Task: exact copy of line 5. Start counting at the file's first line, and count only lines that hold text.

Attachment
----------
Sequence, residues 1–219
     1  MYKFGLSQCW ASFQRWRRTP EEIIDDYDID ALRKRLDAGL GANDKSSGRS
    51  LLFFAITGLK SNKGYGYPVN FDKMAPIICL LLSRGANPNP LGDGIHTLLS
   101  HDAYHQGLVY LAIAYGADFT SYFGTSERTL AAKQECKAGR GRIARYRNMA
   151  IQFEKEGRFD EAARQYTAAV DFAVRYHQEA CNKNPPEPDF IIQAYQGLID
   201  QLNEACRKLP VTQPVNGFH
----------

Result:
   151  IQFEKEGRFD EAARQYTAAV DFAVRYHQEA CNKNPPEPDF IIQAYQGLID